The Social Justice Blind Spot: Part 6, Education and Training

Again, the social justice blind spot is that it says all our problems are systemic when much of its energy, focus, and recommendations are moral.

Another example of this is how much time and effort we put into organizational and institutional education and training. Consider how if an employee acts or speaks in a sexist or racist way they would have to undergo sensitivity training. Consider how colleges require their students to receive training and education concerning consent in sexual encounters. Consider how most businesses require workplace harassment training. The examples are everywhere.

To be sure, you need systems and policies to deploy and compel people to undergo these various trainings. And again, for this series I don't care what you think about these trainings, if you think they work or are counterproductive. I don't care about that for this series. The point I'm making is that all these trainings are focused on addressing moral problems, how people treat each other, especially one on one. All these trainings and educational programs are basically forms of moral education and improvement, learning to treat each other with fairness, respect, and care.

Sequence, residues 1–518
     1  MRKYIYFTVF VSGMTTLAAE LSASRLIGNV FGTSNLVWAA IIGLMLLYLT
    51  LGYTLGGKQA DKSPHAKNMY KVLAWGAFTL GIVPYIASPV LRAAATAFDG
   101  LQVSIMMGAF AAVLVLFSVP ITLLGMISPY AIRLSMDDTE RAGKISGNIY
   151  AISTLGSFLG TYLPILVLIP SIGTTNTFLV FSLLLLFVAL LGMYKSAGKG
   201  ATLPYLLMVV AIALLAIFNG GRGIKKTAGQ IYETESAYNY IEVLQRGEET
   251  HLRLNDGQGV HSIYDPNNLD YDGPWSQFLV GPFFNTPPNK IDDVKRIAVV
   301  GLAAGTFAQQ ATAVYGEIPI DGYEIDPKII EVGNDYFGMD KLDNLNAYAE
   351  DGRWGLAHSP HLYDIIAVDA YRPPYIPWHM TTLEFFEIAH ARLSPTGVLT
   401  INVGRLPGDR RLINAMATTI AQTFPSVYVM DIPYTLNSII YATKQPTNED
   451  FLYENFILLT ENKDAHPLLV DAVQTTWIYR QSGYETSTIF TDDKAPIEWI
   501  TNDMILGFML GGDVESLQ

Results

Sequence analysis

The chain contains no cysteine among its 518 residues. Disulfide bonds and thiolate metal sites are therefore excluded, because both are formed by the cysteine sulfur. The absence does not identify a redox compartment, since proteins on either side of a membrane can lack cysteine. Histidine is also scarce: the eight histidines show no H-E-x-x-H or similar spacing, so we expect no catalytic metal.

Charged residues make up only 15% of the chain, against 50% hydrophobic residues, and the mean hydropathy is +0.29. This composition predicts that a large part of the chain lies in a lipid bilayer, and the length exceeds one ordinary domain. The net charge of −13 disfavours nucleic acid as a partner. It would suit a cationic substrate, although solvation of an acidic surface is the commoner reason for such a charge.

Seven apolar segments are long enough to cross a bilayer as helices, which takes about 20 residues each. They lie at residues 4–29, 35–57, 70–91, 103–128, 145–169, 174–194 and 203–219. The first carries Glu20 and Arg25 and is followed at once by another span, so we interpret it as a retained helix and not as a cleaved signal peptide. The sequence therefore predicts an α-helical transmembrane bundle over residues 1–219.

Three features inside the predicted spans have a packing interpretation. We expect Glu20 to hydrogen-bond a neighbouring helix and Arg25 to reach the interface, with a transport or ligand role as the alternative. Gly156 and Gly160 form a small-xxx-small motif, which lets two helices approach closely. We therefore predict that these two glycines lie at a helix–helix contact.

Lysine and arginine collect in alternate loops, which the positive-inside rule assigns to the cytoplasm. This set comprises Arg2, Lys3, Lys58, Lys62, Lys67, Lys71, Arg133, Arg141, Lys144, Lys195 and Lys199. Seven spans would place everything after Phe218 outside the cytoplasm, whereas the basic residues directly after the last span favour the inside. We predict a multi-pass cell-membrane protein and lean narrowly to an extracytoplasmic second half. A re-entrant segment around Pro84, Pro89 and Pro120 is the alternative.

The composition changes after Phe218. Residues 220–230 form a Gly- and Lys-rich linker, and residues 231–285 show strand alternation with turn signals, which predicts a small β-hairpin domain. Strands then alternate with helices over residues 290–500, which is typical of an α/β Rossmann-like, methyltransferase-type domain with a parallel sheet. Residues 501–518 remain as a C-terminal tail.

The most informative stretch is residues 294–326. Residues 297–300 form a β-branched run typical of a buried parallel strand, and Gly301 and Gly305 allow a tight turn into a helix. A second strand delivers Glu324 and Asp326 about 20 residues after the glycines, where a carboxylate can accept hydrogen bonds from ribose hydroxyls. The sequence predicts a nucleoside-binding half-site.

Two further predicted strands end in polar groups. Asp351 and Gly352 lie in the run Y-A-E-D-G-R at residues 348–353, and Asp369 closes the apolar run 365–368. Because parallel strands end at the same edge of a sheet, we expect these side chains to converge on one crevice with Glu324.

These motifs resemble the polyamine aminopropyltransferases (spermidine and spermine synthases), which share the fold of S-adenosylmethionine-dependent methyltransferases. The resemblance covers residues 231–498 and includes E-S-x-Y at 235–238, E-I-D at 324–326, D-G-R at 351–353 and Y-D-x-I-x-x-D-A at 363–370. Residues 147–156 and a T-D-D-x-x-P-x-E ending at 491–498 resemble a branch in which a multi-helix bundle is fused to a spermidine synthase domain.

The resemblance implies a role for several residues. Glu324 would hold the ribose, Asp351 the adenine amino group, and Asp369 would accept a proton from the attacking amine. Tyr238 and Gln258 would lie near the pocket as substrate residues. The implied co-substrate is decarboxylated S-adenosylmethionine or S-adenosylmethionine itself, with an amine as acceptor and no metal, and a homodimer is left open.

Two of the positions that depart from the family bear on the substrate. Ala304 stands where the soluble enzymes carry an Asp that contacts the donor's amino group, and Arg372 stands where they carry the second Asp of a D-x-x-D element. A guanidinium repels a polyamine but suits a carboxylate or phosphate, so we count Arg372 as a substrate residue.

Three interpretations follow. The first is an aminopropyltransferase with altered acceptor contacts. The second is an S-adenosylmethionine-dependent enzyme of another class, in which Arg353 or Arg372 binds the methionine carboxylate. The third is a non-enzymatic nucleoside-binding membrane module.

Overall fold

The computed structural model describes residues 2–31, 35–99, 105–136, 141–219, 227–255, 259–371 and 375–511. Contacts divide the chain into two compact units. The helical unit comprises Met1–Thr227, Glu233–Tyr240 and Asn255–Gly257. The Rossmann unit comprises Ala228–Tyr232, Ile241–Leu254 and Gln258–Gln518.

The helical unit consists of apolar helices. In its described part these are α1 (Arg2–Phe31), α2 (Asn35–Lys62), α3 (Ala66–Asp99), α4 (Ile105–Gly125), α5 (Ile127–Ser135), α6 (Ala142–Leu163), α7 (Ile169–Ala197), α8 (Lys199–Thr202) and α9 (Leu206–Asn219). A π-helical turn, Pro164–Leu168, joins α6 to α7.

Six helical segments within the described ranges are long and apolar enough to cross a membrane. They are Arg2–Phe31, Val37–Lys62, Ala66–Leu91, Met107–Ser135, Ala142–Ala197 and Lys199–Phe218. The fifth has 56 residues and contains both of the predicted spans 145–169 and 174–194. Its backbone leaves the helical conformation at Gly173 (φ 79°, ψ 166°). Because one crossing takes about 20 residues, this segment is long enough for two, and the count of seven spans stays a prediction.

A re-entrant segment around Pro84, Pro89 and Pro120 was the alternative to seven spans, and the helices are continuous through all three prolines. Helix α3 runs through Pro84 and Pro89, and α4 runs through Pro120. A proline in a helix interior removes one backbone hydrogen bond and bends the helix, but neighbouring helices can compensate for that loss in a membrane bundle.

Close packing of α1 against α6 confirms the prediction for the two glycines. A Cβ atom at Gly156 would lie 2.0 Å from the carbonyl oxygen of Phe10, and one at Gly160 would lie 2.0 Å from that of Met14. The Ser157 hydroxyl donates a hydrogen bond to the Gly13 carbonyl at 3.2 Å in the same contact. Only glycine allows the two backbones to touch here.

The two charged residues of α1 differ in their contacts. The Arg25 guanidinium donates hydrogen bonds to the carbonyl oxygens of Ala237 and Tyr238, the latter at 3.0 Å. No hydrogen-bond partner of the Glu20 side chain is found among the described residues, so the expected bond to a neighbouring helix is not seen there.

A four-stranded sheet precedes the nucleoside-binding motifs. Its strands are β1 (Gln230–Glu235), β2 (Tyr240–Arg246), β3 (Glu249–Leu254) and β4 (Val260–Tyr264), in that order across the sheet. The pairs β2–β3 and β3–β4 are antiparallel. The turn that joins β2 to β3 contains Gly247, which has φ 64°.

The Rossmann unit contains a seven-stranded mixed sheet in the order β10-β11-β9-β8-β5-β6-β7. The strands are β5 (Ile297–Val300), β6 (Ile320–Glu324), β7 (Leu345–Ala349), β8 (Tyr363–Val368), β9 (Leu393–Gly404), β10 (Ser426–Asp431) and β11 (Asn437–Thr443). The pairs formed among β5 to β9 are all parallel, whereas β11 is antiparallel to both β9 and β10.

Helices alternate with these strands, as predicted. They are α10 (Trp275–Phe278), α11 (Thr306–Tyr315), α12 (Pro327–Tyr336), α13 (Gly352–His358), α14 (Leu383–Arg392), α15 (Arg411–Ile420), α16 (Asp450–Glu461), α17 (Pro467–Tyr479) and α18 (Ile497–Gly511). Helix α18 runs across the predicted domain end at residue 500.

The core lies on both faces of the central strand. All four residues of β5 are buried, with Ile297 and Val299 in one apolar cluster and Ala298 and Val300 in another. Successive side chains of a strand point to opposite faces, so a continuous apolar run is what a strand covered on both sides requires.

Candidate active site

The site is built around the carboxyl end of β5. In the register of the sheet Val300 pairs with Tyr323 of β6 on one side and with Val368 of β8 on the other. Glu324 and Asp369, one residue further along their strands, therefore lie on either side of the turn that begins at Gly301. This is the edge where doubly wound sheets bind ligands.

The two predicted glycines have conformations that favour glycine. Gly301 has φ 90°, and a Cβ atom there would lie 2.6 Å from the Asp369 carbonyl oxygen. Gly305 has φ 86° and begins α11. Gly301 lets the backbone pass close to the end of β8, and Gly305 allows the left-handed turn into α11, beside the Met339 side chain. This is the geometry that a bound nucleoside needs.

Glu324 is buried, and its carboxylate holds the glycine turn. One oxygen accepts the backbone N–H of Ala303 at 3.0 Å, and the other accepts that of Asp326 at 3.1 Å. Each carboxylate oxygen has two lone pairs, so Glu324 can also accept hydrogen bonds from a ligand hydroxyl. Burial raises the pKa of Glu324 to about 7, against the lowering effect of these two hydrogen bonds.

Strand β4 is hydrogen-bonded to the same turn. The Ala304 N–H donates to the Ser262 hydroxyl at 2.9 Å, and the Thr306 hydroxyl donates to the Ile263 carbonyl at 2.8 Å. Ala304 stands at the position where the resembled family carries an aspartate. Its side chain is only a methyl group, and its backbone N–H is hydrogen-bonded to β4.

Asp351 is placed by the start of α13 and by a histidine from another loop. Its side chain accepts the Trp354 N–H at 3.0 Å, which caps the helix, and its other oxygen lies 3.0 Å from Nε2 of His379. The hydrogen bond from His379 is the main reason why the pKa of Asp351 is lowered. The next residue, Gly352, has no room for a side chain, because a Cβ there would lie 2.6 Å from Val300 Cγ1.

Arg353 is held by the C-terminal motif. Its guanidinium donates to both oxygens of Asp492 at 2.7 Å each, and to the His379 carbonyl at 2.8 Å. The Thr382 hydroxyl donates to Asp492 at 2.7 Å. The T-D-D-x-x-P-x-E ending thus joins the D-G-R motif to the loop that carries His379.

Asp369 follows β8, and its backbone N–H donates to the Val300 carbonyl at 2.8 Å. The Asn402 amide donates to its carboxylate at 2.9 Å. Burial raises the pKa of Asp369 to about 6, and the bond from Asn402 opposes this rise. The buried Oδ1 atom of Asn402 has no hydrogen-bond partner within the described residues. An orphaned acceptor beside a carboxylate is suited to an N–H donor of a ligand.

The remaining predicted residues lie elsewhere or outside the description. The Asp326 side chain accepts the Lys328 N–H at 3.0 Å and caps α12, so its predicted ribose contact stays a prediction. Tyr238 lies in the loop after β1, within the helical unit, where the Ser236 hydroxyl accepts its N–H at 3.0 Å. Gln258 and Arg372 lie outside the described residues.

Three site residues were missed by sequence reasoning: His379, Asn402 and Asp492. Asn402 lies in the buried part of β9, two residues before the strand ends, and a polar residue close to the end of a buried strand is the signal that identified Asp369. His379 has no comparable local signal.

In short, a lot of social justice effort isn't just about moral policing, it's also about moral development and training. 

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One thought on “The Social Justice Blind Spot: Part 6, Education and Training”

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